[Recommendation 9] AMSANT urges the Review Panel to recommend the coordinated reform of the NTER alcohol measures and NT alcohol policy to achieve an evidenced-based alcohol policy framework in the NT that includes supply reduction, demand reduction and harm minimisation measures, including a minimum price benchmark and reduced take-away trading hours.
[Recommendation 10] AMSANT urges the Review Panel to recommend that ongoing funding be provided for AOD services in PHC and that these services be expanded to cover all indigenous PHC services in the NT after suitable consultation and evaluation of the existing services. AMSANT also recommends that these services should broaden in scope so that they have the capacity to treat both AOD and mental health problems as outlined in AMSANT's policy paper on integrating AOD, mental health and PHC services.
- Establish and clarify the prevalence and context of sexual abuse in Aboriginal
- Adjust its responses to include appropriate evidence-based measures to address the issue of consensual sexual behaviour between adolescents;
- Foster a balanced view of the roles and responsibilities of Aboriginal men;
- Strengthen the capacity of PHC to offer family support services to all families with a particular focus on families of vulnerable children; and
- Improve the social determinants which are related to high rates of neglect and abuse including poverty, alcohol and other drug abuse, poor education and unemployment.
- Addresses the issue of the appropriate placement of Aboriginal children removed from their families through supporting the establishment of an Aboriginal Child Placement Authority.
- Acts on the recommendations of the Little Children are Sacred report in relation to child protection needs.
[Recommendation 12] AMSANT urges the Review Panel to recommend an immediate halt to the further roll-out of compulsory blanket income quarantining and that its replacement with an alternative targeted scheme should only occur where there is community support for the measure or where the targeted scheme is applied to all welfare recipients on a non-discriminatory basis. Compulsory blanket income quarantining should be removed from those communities already subject to it and substituted with the targeted scheme subject to the conditions outlined above.
- Whether and to what degree income quarantining has resulted in the increased purchasing of healthy foods and reduced spending on alcohol and drugs;
- The full cost of implementing and maintaining the income quarantining regime and whether the high administrative costs of the blanket management of individual incomes by bureaucrats is justified in terms of the identified benefits and the negative impacts experienced by those subject to it; and,
- What alternative measures are available that are based on voluntary participation or targeted strategies. For example, Centrepay is an existing successful, voluntary system that has been used widely in the NT to enable individuals and families to manage their welfare income. The system currently being trialed in Cape York also warrants further examination.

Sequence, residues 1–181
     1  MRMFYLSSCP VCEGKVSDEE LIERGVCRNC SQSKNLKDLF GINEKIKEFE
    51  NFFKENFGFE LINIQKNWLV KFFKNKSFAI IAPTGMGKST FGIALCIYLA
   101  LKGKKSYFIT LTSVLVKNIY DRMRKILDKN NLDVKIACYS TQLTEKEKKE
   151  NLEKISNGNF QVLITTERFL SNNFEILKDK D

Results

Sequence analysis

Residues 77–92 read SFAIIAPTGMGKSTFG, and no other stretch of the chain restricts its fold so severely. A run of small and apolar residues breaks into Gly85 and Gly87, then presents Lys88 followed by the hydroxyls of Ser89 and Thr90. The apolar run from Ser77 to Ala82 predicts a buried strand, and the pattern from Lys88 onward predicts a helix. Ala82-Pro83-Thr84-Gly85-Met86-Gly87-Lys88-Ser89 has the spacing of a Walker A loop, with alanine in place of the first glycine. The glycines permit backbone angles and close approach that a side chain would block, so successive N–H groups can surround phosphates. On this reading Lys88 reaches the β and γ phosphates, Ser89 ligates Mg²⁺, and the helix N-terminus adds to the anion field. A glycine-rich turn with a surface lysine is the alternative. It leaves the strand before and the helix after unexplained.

[Recommendation 14] AMSANT urges the Review Panel to recommend that the Australian Government commits sufficient additional funds to address the unmet housing needs in all Aboriginal communities and that its strategy addresses the needs of smaller remote communities according to need within the same timeframe as that proposed for addressing housing needs in larger communities.
[Recommendation 15] AMSANT urges that the Review Panel recommends that the issue of staff accommodation for service delivery organisations be given a higher priority than it currently has and that additional resources be allocated for new staff accommodation.
- Increased funding for schools, teachers and infrastructure to meet current unmet need;
- Increased training of Aboriginal teachers and teacher aides;
- Effective Adult literacy programs to assist adults to become more employable and to help develop better understanding and commitment around the need for their children to attend school;
- Pre-schools in all Aboriginal communities to ensure that all 3 year old Aboriginal children can attend pre-school;
- Supervised boarding hostels for young people who want to go to high school in regional centres;
- Programs bringing members of the Aboriginal community, particularly elders, into schools;
- Developing a culturally-appropriate curriculum that engages Aboriginal children;
- Programs, such as that developed by Aboriginal educationalist, Chris Sara,55 that combine building confidence and self-esteem through cultural programs and sport, with programs focusing on attaining academic excellence.
Government Business Managers
[Recommendation 18] AMSANT strongly recommends that, if GBMs are to be retained, that the relevant legislation is amended to remove the current delegable powers in relation to ‘government business areas' and that these be replaced with the requirement for GBMs to undertake appropriate consultation and provide for genuine participation of communities and community-based service organisations in the planning and development of services and infrastructure.
55. From the Indigenous Education Leadership Institute.